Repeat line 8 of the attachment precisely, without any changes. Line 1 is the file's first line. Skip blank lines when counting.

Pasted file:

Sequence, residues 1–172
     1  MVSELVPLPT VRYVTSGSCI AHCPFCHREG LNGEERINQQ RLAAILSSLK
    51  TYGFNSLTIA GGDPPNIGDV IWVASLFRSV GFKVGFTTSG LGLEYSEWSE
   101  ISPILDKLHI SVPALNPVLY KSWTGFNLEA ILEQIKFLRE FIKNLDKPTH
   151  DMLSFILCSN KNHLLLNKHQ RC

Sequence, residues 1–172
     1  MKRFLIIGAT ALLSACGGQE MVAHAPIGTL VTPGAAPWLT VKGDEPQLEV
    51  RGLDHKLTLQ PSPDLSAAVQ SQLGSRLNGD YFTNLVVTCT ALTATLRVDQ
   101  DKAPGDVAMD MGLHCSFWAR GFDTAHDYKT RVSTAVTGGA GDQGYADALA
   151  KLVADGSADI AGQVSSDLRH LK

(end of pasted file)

    51  RGLDHKLTLQ PSPDLSAAVQ SQLGSRLNGD YFTNLVVTCT ALTATLRVDQ